Wednesday, August 17, 2016

Campaigns I Haven't Run: Waterdeep




I've run quite a few campaigns across different systems, genres, settings, and time periods and I've talked about a lot of them here. Over the past week I've been cleaning up the library and the wheels start turning whenever I start going back through the books in depth. Because of that I thought I would post a little bit about some of the campaigns I haven't run but would like to, and why. First up: Waterdeep!

One of the first FR supplements after the box

It's the big city of the Forgotten Realms; the Greyhawk; the Lankhmar; the New York! It's a big, busy, potentially dangerous place. It's always been one of the more detailed areas of the Realms because it's one of the regions where Ed Greenwood actually ran games. It sits on top of a megadungeon, the infamous "Undermountain". It has intrigue with all of the guilds and with the rulers of the city being masked with secret identities - an interesting approach to local government.

I thought this was a pretty solid one-volume rundown of the city

It's also been the subject of focused supporting material in multiple editions of the game from the original module type booklet up above to the boxed sets of 2nd Edition to the hardcover book of 3rd edition. There's certainly no lack of material to explore. Beyond the books there is of course plenty of online material as well.



The maps are insane! This could easily cover a wall of a room.
Maps are an inspirational thing with me and they reach Ridiculous Level with the City System box. Seeing a good map makes me want to go exploring. Above ground ...



These could cover the other wall of the game room

...and below! I think most people are aware of the massive poster maps of the dungeon levels for Undermountain as well.  They're pretty cool and inspirational again for the sheer size and scope, especially of what you could do.

If you don't feel like Undermountain there are always the ... well, you know.

I've never really run a fantasy big city game but looking back through these books and boxes really flips the switch. You could run it as a total sandbox as there's all kinds of space, power groups, smaller dungeons, the mega dungeon - there's no real limit here. I can also see plenty of plots to flesh out and use as the spine of an ongoing campaign. Long term goals for old-school characters in a D&D game might include carving out a barony in the wilderness somewhere - here you could aim to become one of the lords of Waterdeep instead!

Now it is the Realms so there's plenty of gods and powerful NPC's running around and Waterseep tends to be an area of focus for big events but so are big cities in fiction and in the real world so a lot of the trappings of the Realms that some see as a negative make a ton of sense here, moreso than most places  - it's the big leagues! If you can make it here you can make it anywhere! I'd say it's a feature not a bug.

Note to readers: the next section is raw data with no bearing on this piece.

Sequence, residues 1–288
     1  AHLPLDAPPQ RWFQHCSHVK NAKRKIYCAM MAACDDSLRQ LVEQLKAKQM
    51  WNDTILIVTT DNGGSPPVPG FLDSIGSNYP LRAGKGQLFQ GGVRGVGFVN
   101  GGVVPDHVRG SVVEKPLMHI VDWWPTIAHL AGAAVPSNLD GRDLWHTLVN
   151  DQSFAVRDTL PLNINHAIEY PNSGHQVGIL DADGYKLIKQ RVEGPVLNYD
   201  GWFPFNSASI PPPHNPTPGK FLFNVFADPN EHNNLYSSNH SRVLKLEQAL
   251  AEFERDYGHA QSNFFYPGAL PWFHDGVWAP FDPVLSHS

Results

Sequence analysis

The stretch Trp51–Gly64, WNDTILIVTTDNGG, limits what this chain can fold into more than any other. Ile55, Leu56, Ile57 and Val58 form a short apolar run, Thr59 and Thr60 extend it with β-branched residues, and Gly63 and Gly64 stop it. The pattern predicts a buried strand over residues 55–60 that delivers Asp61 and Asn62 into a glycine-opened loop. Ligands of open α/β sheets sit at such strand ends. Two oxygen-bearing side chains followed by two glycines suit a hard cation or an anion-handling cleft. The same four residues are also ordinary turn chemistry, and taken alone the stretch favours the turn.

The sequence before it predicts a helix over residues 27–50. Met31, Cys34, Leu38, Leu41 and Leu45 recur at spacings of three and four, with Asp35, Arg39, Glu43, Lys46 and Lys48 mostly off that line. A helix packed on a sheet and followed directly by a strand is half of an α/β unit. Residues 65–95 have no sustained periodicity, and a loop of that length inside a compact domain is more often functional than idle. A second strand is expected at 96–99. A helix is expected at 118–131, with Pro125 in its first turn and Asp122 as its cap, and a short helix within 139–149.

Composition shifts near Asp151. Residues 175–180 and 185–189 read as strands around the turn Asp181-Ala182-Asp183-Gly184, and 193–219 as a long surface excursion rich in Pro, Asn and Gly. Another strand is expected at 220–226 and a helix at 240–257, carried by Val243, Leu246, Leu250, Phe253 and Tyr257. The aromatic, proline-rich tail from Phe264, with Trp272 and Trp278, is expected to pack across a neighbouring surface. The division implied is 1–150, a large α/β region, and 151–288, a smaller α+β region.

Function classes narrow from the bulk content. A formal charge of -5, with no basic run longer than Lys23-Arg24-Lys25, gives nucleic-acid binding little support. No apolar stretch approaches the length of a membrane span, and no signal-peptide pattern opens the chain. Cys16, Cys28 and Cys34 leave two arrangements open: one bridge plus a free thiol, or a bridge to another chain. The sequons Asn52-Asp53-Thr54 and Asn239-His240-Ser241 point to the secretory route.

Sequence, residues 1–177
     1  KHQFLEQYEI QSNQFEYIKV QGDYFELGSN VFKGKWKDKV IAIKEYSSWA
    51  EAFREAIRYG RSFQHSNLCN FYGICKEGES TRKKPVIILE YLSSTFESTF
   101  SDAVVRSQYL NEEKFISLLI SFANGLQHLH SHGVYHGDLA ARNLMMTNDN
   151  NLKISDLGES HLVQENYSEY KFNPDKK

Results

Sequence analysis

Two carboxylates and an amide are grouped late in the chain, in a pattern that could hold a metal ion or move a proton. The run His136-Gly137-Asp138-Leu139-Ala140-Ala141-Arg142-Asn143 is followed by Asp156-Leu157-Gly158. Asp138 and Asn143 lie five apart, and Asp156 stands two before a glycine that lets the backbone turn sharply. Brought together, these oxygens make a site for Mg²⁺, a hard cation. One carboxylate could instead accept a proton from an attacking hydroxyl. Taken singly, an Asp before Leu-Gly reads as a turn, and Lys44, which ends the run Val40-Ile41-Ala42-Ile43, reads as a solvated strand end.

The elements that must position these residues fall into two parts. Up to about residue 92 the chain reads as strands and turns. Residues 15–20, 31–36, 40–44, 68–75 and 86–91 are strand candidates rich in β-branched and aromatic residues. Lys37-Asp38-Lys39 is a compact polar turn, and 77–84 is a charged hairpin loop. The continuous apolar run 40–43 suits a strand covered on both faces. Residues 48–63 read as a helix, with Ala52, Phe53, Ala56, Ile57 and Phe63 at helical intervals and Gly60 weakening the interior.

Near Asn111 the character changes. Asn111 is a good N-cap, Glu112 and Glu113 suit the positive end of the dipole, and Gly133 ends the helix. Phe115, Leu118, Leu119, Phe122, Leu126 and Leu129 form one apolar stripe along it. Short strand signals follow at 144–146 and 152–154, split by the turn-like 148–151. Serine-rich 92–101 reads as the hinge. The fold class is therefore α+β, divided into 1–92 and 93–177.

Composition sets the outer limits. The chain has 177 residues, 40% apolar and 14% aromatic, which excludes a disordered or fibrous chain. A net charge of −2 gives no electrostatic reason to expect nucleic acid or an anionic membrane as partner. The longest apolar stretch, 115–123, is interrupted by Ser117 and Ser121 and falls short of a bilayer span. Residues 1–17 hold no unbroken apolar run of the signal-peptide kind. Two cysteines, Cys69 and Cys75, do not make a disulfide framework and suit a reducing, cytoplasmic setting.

The main thing to keep in mind is that despite the history and popularity of the area quite a bit of it is only broadly described. There's plenty of room to carve out a neighborhood or three of your own design. Your players will get to know familiar NPC's, organizations, leaders, enemies, and eventually be experts on the region.

I also think it would be a great area to try running multiple simultaneous campaigns - one group might be mainly focused on Undermountain while another gets involved in politics. There are a ton of other options and they're all in a small enough area that the opportunities for crossovers are numerous.


There's also a lot of interesting stuff near the city so if your players get tired of urban adventures they can head outside for a special two-part episode in the High Forest or the Serpent Hills. That said my main focus would be the city itself. Kind of the opposite of the West Marches Mantra - here the adventure is in the city. Outside is where new characters and new threats come from, but it's not where you go adventuring.

So while I've never run or played in this kind of game It looks like a lot of fun to run and play.  A lot of my focus in recent years has been in shorter, limited campaigns like the Savage Worlds plot points or the Pathfinder Adventure paths. This is one of those long term no particular end in sight type of games I have not run in quite a while. It's on the short list for the next D&D type campaign I run.

2 comments:

Kelvin Green said...

The board game is pretty good too!

Blacksteel said...

I've looked it over and watched the Tabletop episode and it loks like fun - just don't have it yet.